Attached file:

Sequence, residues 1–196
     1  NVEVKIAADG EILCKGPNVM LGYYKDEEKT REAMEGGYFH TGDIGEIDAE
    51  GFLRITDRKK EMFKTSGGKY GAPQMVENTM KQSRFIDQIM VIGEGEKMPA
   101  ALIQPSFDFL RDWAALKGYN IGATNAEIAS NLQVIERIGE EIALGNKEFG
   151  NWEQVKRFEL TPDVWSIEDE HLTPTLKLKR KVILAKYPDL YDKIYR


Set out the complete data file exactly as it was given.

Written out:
Sequence, residues 1–196
     1  NVEVKIAADG EILCKGPNVM LGYYKDEEKT REAMEGGYFH TGDIGEIDAE
    51  GFLRITDRKK EMFKTSGGKY GAPQMVENTM KQSRFIDQIM VIGEGEKMPA
   101  ALIQPSFDFL RDWAALKGYN IGATNAEIAS NLQVIERIGE EIALGNKEFG
   151  NWEQVKRFEL TPDVWSIEDE HLTPTLKLKR KVILAKYPDL YDKIYR